FILMS

Chinese translations

CHAN IS MISSING Directed by Wayne Wang

LAWRENCE O’TOOLE September 6 1982
FILMS

Chinese translations

CHAN IS MISSING Directed by Wayne Wang

LAWRENCE O’TOOLE September 6 1982

Chinese translations

FILMS

CHAN IS MISSING Directed by Wayne Wang

The sudden disappearance of a Taiwan immigrant named Chan Hung in Chan Is Missina is one

whopper of a red herring. He vanishes with $4,000 given to him by Jo (Wood Moy) and Steve (Marc Hayashi) for a taxi licence, and, in the effort to find him, the pair comes up with sweet nothing. But in his investigations Jo discovers a great deal about his friend Chan Hung’s past. The real mystery of Chan Is Missing is the mystery of human behavior.

Shot in black and white for $20,000 in San Francisco’s Chinatown and Manilatown, Chan Is Missing shows what you can have with a small amount of money and plenty of conviction. At the same time, it shows what you cannot have: good lighting, sharp film stock and the audio sophistication that we have come to expect from modern movies. Despite its earthy humor and witty observations on the immigrant Chinese personality, the movie is often pretty ragged and lacks a narrative density. It keeps running out of fuel, and some parts of the puzzle behind Chan’s disappearance (a mystery woman, a traffic accident and a flag-waving incident during a parade) get to be fairly tiresome after a while. As the narrator, Jo, says: “If this was a TV mystery, an important clue would pop up and clarify everything.” This is true, but it is also an excuse.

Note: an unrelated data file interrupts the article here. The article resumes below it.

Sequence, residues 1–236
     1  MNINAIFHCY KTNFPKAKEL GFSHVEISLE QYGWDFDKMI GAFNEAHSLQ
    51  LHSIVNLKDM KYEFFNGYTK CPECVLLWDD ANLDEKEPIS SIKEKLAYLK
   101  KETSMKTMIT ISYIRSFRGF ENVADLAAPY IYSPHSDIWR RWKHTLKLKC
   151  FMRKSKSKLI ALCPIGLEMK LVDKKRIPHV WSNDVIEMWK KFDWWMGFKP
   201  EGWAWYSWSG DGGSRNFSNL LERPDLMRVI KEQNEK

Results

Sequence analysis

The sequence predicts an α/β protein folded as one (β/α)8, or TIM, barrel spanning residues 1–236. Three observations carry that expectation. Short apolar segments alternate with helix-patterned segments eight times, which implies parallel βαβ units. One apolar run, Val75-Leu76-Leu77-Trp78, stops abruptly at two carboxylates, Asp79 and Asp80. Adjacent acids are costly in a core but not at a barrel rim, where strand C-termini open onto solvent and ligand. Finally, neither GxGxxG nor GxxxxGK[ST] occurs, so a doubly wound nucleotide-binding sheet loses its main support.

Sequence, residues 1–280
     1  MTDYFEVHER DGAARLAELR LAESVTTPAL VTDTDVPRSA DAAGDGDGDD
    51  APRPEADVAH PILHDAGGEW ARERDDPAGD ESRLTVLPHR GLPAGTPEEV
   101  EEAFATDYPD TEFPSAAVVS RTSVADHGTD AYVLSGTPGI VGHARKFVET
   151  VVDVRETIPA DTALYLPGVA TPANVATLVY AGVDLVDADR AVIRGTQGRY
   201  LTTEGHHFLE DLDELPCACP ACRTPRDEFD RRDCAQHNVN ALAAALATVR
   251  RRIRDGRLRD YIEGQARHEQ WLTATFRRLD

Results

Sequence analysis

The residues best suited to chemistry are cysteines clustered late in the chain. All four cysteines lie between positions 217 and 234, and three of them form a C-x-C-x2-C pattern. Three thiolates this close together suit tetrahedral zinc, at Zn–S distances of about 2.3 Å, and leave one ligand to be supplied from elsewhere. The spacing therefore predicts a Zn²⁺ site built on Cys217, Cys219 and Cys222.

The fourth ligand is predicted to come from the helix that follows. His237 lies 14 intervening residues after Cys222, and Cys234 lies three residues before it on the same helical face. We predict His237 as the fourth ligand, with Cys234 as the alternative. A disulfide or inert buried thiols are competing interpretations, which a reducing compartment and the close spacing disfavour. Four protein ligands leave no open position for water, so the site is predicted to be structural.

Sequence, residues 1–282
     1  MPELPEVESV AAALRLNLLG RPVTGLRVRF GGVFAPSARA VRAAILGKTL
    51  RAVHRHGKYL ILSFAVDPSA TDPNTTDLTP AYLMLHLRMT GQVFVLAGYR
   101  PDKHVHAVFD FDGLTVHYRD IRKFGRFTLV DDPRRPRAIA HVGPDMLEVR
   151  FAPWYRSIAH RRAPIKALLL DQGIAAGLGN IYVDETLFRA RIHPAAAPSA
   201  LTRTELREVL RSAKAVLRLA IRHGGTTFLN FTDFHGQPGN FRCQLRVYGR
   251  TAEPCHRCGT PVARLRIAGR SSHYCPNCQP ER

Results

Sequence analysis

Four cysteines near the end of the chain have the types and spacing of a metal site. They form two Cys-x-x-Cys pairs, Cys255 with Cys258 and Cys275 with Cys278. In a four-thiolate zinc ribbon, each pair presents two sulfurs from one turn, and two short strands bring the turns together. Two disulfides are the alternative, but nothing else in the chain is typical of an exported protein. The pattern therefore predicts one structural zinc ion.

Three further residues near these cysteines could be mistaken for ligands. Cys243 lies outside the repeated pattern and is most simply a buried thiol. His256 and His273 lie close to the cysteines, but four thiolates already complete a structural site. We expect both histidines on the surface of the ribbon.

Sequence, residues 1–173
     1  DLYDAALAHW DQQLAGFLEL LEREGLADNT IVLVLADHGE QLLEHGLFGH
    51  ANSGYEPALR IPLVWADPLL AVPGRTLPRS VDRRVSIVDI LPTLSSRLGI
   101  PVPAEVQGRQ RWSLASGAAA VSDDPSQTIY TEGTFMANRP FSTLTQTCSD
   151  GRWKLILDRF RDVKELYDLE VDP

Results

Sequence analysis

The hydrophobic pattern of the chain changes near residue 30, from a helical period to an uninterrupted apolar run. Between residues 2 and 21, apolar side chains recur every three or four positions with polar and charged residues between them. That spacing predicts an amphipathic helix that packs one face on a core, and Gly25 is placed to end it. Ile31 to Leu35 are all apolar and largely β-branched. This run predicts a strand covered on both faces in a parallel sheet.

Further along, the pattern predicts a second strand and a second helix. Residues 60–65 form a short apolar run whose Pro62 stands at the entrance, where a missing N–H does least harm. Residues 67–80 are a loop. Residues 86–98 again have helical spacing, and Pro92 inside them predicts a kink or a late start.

What Chan Is Missing does have going for it is insight into the Chinese

character. Jo and Steve never get straight answers from anybody: the Chinese respect the mystery of Chan’s disappearance and have no desire to probe into it. After all, they say, a man walking down a street looking for answers can only find them from a man in a puddle of water: himself. It drives Steve crazy—he has lost most of his Chinese legacy, and all the doubletalk makes him hop around with impatience. Though born in the United States, Jo still has some connection with his racial roots and pursues Chan’s disappearance with fascination and determination.

Given the messiness of the movie (it is too often wingy in the wrong way), its kicky vignettes hold the attention. There is a funny sequence in which Jo and Steve listen to a goody-two-shoes lawyer (Judy Nihei) explain the difference in “modes of speech” when a policeman and a Chinese tangle over a traffic accident. A chain-smoking restaurant cook, wearing a T-shirt with SAMURAI NIGHT FEVER on it, sings Fly Me To The Moon while he does orders of pork chow mein. However, things are never quite what they seem to be in the Chinese character: the cook later shows up in a suit and talks convincingly about why the Chinese have never really been integrated into U.S. society.

Chan is Missing has plenty of those switches, and it is a good thing. Director Wayne Wang has a lot to learn about cutting, pacing, composition and telling a story. What saves him, and his movie, is his ability to tell good anecdotes.

LAWRENCE O’TOOLE